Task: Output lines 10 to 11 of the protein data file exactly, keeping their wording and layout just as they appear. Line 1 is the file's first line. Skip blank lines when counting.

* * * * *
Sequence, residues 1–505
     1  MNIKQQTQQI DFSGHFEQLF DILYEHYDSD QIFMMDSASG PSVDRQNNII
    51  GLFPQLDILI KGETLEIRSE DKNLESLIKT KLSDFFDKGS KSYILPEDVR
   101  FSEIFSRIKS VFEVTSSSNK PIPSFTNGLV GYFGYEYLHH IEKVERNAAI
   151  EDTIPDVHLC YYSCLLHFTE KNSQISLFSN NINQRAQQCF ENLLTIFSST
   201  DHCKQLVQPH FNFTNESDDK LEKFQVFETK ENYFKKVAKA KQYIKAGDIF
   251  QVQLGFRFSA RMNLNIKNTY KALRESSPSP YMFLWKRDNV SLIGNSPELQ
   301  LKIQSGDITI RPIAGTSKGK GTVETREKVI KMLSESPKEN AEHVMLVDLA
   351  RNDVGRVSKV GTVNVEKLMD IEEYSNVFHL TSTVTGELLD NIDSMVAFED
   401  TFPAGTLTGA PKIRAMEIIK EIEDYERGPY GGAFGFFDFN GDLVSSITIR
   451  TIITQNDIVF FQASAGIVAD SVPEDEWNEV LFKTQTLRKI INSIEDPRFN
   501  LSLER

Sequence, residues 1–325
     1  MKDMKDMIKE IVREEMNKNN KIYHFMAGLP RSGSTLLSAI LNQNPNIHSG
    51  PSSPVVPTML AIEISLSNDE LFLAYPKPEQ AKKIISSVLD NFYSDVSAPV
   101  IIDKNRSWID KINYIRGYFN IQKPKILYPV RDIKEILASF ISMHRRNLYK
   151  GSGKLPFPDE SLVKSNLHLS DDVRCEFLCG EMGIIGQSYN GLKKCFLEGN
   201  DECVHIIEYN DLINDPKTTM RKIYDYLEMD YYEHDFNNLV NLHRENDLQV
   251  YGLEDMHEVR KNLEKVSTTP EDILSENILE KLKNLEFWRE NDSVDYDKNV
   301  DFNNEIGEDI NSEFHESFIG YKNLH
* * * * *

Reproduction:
   401  TFPAGTLTGA PKIRAMEIIK EIEDYERGPY GGAFGFFDFN GDLVSSITIR
   451  TIITQNDIVF FQASAGIVAD SVPEDEWNEV LFKTQTLRKI INSIEDPRFN